- Dinesh Sah used money from Paycheck Protection Program to buy cars, and pay off mortgages.
An Indian-American businessman from Coppell, Texas, Dinesh Sah, pleaded guilty last month to orchestrating a fraudulent scheme to obtain approximately $24.8 million in forgivable Paycheck Protection Program (PPP) loans and laundering the proceeds, using the money to buy luxury cars and homes., the U.S. Department of Justice said in a March 24 press release.
According to court documents, the 55-year-old Sah admitted that he submitted 15 fraudulent applications to obtain approximately $24.8 million in forgivable Paycheck Protection Program (PPP) loans and laundering the proceeds. The Coppell businessman filed those under the names of various purported businesses that he owned or controlled, to eight different lenders.
Sah claimed that these businesses had numerous employees and hundreds of thousands of dollars in payroll expenses when, in fact, no business had employees or paid wages consistent with the amounts claimed in the PPP applications, they stated.
Authorities said Sah also used fake tax filings and bank statements in support of his applications. Sah received over $17 million in PPP loan money and used it to buy multiple homes in Texas and pay off the mortgages on other homes in California. He even purchased several luxury cars, including a Bentley convertible, a Corvette Stingray, and a Porsche Macan. Sah also sent millions in international money transfers.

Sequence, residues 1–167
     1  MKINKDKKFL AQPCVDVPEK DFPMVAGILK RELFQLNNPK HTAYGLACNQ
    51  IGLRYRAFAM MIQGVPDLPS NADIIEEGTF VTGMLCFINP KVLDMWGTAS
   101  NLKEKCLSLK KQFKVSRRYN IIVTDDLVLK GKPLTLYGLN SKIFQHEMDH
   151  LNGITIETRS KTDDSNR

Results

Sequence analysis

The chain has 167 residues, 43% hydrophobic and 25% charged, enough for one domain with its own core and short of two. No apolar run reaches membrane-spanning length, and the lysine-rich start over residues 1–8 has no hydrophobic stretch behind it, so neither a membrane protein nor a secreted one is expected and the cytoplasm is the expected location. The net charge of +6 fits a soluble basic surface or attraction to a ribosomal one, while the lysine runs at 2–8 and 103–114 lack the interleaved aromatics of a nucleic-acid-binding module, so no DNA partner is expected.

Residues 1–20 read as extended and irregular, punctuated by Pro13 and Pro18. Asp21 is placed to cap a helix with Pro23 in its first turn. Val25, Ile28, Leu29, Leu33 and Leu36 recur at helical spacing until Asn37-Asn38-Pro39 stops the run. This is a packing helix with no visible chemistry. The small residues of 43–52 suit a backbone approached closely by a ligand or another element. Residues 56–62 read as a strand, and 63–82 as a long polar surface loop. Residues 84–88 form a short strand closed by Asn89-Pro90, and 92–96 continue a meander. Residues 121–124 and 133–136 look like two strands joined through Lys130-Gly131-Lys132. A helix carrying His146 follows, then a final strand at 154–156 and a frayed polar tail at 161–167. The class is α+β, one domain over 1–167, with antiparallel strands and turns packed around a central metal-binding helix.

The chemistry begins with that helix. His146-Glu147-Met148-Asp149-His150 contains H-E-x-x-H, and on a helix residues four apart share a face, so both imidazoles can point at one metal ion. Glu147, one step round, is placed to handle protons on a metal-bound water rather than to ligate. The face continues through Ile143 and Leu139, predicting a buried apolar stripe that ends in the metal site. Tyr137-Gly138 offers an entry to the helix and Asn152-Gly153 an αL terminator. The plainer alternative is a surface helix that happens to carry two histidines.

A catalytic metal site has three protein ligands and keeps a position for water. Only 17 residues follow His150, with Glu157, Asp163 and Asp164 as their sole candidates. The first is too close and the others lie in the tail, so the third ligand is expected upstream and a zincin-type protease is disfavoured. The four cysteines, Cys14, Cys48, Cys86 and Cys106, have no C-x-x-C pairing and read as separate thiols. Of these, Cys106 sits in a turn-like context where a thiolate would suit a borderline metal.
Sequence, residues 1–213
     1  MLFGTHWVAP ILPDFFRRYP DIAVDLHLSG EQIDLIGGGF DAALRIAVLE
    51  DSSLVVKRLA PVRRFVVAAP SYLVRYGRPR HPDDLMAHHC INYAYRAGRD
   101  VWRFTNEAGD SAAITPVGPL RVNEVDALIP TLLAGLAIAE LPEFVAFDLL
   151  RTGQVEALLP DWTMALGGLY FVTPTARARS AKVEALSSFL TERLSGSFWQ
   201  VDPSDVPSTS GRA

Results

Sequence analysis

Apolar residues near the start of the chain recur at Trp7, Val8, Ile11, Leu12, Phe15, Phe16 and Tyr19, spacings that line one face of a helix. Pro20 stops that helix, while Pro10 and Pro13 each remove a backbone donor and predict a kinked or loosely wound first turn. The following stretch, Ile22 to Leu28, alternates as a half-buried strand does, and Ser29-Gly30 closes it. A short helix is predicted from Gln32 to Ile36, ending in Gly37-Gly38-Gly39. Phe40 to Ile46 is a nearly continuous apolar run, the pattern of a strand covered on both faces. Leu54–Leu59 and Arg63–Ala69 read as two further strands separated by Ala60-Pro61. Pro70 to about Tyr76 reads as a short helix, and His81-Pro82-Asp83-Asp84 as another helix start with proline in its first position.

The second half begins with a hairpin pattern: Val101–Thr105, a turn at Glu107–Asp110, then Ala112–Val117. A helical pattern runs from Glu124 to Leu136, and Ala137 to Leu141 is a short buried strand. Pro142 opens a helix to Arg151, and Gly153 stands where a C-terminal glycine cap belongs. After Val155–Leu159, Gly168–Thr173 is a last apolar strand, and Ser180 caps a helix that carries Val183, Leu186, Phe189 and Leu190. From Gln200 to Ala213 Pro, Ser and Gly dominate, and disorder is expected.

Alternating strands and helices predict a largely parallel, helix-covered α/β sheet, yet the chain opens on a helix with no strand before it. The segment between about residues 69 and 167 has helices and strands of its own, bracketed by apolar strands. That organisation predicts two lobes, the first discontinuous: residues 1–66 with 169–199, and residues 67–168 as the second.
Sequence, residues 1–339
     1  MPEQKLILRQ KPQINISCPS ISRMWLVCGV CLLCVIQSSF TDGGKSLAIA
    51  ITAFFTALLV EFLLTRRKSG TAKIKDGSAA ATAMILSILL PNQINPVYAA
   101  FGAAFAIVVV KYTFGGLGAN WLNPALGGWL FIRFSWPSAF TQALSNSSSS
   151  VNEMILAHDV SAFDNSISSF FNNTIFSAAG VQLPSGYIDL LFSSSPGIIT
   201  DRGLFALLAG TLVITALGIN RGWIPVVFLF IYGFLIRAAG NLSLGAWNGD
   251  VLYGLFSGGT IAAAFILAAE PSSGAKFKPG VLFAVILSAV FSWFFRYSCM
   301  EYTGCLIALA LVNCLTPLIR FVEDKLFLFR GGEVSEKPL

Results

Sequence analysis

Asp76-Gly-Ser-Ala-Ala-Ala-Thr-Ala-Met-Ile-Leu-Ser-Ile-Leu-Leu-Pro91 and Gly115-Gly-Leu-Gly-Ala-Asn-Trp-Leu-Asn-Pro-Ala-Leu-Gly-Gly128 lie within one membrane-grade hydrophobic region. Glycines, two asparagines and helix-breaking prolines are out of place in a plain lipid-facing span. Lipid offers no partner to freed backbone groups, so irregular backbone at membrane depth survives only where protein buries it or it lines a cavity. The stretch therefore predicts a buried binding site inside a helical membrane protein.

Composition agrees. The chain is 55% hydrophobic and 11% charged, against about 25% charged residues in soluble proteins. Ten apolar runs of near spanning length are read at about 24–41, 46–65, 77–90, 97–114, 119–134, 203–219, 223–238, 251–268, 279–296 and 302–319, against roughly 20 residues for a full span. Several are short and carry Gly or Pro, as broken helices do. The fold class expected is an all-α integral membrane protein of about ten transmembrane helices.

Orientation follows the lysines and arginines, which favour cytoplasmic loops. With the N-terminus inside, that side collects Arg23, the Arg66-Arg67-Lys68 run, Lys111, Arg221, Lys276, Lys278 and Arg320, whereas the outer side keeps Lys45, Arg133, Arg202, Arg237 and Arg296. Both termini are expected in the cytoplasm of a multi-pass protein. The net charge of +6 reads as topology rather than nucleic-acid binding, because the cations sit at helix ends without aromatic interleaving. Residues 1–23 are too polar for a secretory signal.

“The Paycheck Protection Program was designed to aid struggling business owners, not to line the pockets of crafty profiteers,” said acting U.S. attorney Prerak Shah of the Northern District of Texas said in the press release. “Even as fellow businesspeople tried desperately to procure the funds they needed to keep their business afloat, Sah dipped into federal coffers to fund his lavish lifestyle.”
Sah pleaded guilty to one count of wire fraud and one count of money laundering. As part of his guilty plea, Sah agreed to forfeit, among other property, eight homes, the luxury vehicles and more than $7.2 million in fraudulent proceeds that the government has seized to date.
A date for his sentencing has not yet been scheduled. He faces a maximum penalty of 30 years in prison.